Now in Actual Work

As Threatened, er, Promised

Or, Not Pervasive, but maybe Persuasive or Practical?

So here’s what I’ve come up with as an op-ed proposal. It lacks a strong policy argument, but hopefully uses that perspective trick to good effect.

For the forgetful, here’s the prompt again:

a proposal for a New York Times opinion piece which applies a major finding from your research to a current public policy problem. … it must describe a full op-ed that you might write, and explain its relevance to current events.

Any and all thoughts heartily welcomed.

~~~

“Not so Fast, We’ve Been Here Before”: An Op-Ed Proposal

In 1841, an ex-President and former Secretary of State declared his support for British forces in the “Opium War,” Britain’s war with China over Chinese trade restrictions and closed markets. Though many commentators, then and now, cited the opium trade as the casus belli, John Quincy Adams told a Boston audience that the motive went deeper : “The cause of the war is the Ko-tow! – the arrogant and insupportable pretensions of China, that she will hold commercial intercourse with the rest of mankind, not upon terms of equal reciprocity, but upon the insulting and degrading forms of the relation between lord and vassal.” In Adams’s view, the political despotism of China’s government found its worst expression in illiberal trade policies; and that these restrictions on foreign merchants, Americans prominently among them, justified war.

More recently, another Secretary of State gave a speech calling for all nations to recognize a basic “freedom to connect” to the internet. Made in light of Google’s decision to stop censoring search results in China, Secretary Hillary Clinton’s remarks were a pointed rebuke of Chinese policy. Condemning government censorship of the internet, Secretary Clinton argued that “from an economic standpoint, there is no distinction between censoring political speech and commercial speech.” By linking political and economic liberty together, and critiquing China on both fronts, Clinton’s remarks strongly echo Adams’s speech of almost 170 years before.

This op-ed will argue that U.S. officials would do well to understand the deep historical resonance of American calls for economic and political liberty in China. Though Chinese censorship is indefensible, an awareness of how American calls for reform in China themselves spring from complicated roots in national economic interest and Western imperialism can only improve Sino-American relations.


Image cite: The Suss-Man (gone for the weekend), “Project 366 – 78/366 Diplomacy,” Flickr, CC License

Archival Follies, Our Glorious National Heritage

Antebellum America Salutes the British Empire!

One Fingered, Naturally

Middle_finger

In April 1841, whilst conducting the East India squadron to Chinese waters to safeguard American merchants against from harm during the First Opium War, Commodore Lawrence Kearny received some interesting supplementary orders:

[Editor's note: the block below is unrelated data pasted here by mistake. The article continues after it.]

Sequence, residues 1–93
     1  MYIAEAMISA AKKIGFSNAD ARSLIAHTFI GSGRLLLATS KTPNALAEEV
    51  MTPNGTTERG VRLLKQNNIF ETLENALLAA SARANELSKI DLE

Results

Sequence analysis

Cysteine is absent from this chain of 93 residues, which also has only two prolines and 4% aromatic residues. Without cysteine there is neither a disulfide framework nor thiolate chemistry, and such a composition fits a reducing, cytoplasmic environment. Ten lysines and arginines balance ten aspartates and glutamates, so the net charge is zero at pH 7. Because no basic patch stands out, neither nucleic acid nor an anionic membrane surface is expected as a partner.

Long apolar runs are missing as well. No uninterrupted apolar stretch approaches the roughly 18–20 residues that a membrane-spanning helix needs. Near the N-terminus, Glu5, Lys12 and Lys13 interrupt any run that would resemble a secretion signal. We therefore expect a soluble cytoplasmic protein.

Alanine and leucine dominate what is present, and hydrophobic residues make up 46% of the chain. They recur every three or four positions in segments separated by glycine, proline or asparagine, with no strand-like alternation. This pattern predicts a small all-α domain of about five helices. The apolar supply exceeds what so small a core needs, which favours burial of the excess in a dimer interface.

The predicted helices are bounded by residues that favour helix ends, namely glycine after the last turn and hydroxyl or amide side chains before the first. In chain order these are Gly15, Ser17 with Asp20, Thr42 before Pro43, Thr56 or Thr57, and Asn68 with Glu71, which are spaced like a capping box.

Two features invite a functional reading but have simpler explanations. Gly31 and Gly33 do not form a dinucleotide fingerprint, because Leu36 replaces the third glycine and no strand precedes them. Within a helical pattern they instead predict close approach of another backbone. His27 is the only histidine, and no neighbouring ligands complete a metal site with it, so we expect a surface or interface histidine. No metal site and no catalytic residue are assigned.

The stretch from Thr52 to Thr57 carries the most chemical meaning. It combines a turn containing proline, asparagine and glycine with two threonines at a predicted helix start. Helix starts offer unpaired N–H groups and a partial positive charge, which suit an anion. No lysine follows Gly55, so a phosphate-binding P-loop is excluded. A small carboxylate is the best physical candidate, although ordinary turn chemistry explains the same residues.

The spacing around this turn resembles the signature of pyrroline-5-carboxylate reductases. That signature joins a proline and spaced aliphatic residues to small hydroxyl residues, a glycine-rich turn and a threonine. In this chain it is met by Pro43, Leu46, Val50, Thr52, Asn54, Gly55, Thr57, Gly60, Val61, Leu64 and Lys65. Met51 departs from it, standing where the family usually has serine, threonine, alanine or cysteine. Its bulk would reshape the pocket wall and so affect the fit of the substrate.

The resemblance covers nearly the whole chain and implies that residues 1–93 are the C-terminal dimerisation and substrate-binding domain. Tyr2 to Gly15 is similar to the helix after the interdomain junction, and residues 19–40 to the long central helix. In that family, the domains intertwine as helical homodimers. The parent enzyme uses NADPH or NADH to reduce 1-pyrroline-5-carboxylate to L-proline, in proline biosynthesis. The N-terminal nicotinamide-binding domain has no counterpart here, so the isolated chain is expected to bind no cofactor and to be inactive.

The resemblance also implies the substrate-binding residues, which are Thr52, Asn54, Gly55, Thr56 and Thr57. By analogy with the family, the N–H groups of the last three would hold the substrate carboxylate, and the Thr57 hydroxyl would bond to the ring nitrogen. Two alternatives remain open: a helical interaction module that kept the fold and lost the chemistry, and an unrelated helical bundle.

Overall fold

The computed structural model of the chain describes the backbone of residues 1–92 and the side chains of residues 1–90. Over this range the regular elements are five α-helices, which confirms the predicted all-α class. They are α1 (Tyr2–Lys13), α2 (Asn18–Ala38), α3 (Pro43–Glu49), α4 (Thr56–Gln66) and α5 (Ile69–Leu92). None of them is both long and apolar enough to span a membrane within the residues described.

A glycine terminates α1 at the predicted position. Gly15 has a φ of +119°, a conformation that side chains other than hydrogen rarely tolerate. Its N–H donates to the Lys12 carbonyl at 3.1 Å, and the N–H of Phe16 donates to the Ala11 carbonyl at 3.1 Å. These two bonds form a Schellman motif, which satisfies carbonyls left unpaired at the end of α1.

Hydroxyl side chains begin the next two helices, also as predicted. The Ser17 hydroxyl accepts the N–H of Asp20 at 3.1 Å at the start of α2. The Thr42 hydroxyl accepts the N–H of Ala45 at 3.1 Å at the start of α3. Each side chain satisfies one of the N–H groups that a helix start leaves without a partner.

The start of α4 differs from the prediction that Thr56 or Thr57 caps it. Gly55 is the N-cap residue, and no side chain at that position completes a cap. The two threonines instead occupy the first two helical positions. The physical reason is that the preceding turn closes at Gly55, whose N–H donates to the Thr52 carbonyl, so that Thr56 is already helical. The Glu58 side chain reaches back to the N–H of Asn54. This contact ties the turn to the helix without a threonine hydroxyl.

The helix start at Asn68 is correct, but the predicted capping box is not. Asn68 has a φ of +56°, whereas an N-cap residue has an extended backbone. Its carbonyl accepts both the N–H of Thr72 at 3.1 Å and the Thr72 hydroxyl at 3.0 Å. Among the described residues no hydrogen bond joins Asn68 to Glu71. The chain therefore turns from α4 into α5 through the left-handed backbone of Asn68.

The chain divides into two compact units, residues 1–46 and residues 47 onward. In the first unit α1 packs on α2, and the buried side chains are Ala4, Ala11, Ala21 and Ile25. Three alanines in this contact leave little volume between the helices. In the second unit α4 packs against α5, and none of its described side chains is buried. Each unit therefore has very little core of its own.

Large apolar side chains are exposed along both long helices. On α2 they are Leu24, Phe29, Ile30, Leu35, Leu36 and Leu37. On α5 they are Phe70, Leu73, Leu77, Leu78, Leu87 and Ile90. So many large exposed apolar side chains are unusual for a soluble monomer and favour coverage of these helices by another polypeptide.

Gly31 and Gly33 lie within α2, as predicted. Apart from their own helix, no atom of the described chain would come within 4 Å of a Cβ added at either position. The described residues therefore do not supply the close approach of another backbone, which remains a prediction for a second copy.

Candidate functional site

“Sir,

It is understood that the citizens of the U. States who were made prisoners by the British forces during the late troubles in Canada [e.g. the Rebellion of 1837], and subsequently banished to distant parts of the Globe, are at liberty to return to their native land, but have no means of conveyance – Therefore, should the Constellation or Boston fall in with any of those persons, it is the desire of the department that a free passage to the United States should be offered them.”

~George E. Badger to Lawrence Kearney, Navy Department, 23 April 1841

In other words, Kearny – and any and all other Navy captains – was to give Americans who had been transported to Australia, and similar, as punishment for participation in a rebellion a free ride back to the good old U.S. of A.

Maybe not quite as egregious as if Saudi Arabia started playing taxi for GTMO detainees – but certainly in the same ballpark of diplomatic subtlety.

The early 1840s were not great years for Anglo-American relations, needless to say.


1.) “Squadron” was the somewhat grandiose title the Navy applied to the grouping of the 42-year old frigate Constellation and the sloop-of-war Boston under one command.

Theske Slijkerman, “Irritatie,” Flickr, CC License

Our Glorious National Heritage, The Past is a Foreign...Something

The Engine of American Diplomacy

Or, Choo-Choo! Goes the Tariff Negotiation

Mariposa

One of the clichés of East-West relations in the early modern era was the attempt to use representations of Western technology – especially maps and model machines – to awe non-Westerners into submission. Perhaps hoping for a repeat of Columbus’s trick with the lunar eclipse, Euro-American statesmen and diplomats apparently thought that the mere suggestion of the advanced state of Western civilization would be enough to persuade proud sovereigns to open ports, lower tariffs, and alienate land for the benefit of the major Atlantic-basin powers.

Needless to say, things rarely went down that way. In developed parts of Asia – and especially in China – these attempts repeatedly failed. The most famous of these faceplants was probably Great Britain’s 1793 embassy to China, led by Lord Macartney. The Chinese emperor declared the fancy clockwork the Brits brought – lugged across the world at great expense, and costing many man-hours to assemble – as “good enough to amuse children.” Bafflingly, the stopped cogs and wheels the Brits brought as gifts failed to make the gates to the Middle Kingdom fly off their hinges.

However, this failure – as in so many other instances of cross-cultural contact – did not impede others from flattering through imitation.
Continue reading “The Engine of American Diplomacy”